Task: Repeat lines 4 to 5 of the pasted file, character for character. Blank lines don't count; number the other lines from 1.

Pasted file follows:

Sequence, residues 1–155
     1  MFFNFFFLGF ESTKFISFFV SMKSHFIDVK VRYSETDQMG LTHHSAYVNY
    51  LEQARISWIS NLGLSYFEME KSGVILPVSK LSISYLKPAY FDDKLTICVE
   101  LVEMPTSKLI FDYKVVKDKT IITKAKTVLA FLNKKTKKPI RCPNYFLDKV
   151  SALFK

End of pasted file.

   101  LVEMPTSKLI FDYKVVKDKT IITKAKTVLA FLNKKTKKPI RCPNYFLDKV
   151  SALFK